For many in the group, being there awakened memories of parties past, when Hudson's grandparents were the hosts. The interior, which Hudson describes as "I Love Lucy goes to Hollywood," is virtually unchanged since her mother and aunt were children there. The dining room is an intact museum of Paul Williams furniture and, except for two armchairs, so is the living room. It is possible to imagine him walking through the door and pouring his wife, Della, a glass of sherry.

On one side of the circular foyer, three golden metal gazelles gambol up the lyrical stairway railing he designed, and it was here, unexpectedly, where Hudson placed a small table laden with desserts; she wanted her guests to see what they had to look forward to as soon as they entered. Their expectations would have been high even without the sweets in view.

"At Karen's parties, the food is always off the chart," said her brother, Paul Claude Hudson, president and chief executive of the family-owned Broadway Federal Bank, "and the details are always perfect."

And the guests are on time. The party was called for 7, and by a quarter after the hour, the living room was packed, the pleasant din of voices overwhelming the sound of Motown oldies. The conversation couldn't have been more spirited if there was a sign hung on the door warning, "No wallflowers allowed." The sparsely furnished living room, with soft green carpeting, fireplace of light green flagstone and a curved seating unit hugging the rounded wall, is where Williams celebrated family Christmases. Hudson's plan was for the cocktail hour, or 45 minutes to be precise, to be contained there. Glass doors to the lanai, where four tables for eight had been set with dishes, silver and glassware from her grandmother's collections, remained closed until dinner was announced.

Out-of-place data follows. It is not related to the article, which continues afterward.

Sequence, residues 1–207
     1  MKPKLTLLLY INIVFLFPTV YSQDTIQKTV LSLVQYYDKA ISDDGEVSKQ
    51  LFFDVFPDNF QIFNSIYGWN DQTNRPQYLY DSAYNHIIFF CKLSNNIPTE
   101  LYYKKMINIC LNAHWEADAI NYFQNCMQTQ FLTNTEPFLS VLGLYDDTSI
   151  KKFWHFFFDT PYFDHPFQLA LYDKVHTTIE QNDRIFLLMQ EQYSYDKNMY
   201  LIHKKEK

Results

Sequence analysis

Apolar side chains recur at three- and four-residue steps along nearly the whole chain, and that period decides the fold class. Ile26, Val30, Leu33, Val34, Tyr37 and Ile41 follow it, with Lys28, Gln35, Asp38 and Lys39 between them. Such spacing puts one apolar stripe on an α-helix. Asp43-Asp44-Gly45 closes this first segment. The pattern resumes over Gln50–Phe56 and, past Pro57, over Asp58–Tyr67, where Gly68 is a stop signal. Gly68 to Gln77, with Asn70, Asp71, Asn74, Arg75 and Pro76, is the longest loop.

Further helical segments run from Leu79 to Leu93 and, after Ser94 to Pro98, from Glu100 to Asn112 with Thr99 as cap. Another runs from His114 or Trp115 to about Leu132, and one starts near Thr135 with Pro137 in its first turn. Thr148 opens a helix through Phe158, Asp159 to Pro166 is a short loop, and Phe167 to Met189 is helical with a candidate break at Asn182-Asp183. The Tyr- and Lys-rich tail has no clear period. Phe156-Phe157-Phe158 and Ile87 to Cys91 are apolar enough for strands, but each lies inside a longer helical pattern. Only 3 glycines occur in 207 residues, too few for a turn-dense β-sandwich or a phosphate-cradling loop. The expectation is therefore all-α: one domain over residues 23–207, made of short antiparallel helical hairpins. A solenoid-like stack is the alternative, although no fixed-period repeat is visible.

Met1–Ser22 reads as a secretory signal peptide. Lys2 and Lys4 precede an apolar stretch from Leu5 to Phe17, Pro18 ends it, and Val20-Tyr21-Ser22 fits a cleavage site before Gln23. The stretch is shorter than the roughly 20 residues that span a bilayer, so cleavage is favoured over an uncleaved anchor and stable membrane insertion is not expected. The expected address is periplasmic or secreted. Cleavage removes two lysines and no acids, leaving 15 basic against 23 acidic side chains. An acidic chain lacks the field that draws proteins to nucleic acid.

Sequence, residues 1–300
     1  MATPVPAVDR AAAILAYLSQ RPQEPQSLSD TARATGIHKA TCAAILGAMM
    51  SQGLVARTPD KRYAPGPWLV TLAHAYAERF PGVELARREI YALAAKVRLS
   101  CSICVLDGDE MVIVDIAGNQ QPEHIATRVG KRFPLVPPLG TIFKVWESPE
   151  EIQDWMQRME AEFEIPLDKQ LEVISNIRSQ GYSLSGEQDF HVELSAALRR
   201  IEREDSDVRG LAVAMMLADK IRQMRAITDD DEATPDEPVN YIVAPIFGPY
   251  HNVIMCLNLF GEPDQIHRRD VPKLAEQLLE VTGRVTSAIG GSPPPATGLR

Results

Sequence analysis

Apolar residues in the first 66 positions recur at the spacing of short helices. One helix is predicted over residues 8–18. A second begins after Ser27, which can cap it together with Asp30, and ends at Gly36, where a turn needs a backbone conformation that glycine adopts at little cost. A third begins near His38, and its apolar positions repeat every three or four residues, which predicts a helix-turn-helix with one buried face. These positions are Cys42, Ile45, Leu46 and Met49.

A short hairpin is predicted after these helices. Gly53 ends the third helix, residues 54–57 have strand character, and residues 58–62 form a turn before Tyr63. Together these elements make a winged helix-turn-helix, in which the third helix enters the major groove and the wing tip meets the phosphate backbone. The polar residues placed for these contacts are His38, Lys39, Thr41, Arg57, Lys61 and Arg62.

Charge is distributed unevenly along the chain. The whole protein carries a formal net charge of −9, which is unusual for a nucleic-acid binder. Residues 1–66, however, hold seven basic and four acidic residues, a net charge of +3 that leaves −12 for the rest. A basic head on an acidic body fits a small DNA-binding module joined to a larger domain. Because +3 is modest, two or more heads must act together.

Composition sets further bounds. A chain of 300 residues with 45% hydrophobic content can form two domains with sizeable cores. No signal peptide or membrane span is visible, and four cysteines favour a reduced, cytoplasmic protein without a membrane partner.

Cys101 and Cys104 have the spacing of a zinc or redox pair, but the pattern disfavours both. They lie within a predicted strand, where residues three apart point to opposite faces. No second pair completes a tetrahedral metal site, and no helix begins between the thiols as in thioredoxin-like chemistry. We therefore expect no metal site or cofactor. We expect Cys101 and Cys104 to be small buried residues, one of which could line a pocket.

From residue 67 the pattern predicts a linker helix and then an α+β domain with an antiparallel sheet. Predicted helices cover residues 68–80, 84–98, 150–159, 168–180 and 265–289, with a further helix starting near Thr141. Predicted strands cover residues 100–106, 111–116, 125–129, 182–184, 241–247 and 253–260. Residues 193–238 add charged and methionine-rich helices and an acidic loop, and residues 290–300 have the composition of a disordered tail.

Hudson's parties are a blend of the ceremonious and the informal. Guests drank apple martinis or champagne and nibbled seared ahi tuna on wontons, brie canapes with toasted pecans and crab salad wrapped in endive. But despite the fact that a few of the six helpers from Robin's Nest Catering manned the bar and passed the hors d'oeuvres, television director Oz Scott felt at home enough to pick up a tray and urge actress Denise Nicholas to have a taste. "Karen makes everyone feel special, and comfortable," said Gayle Harvey Beavers, a cousin. "She's relaxed when her guests arrive. You can relax because she isn't running around."

Any party performance anxiety Hudson feels is dispensed with early in an elaborate planning stage. She's highly organized, relying on a battery of lists. Lists on index cards. Lists in notebooks. "My lists have lists," she said. "The hard part is decision-making -- figuring out the menu and deciding how many people to invite." Yet every decision is governed by the same criterion. "When I plan a party, I think about what would make me happy. I figure if I'm happy, my guests will be happy."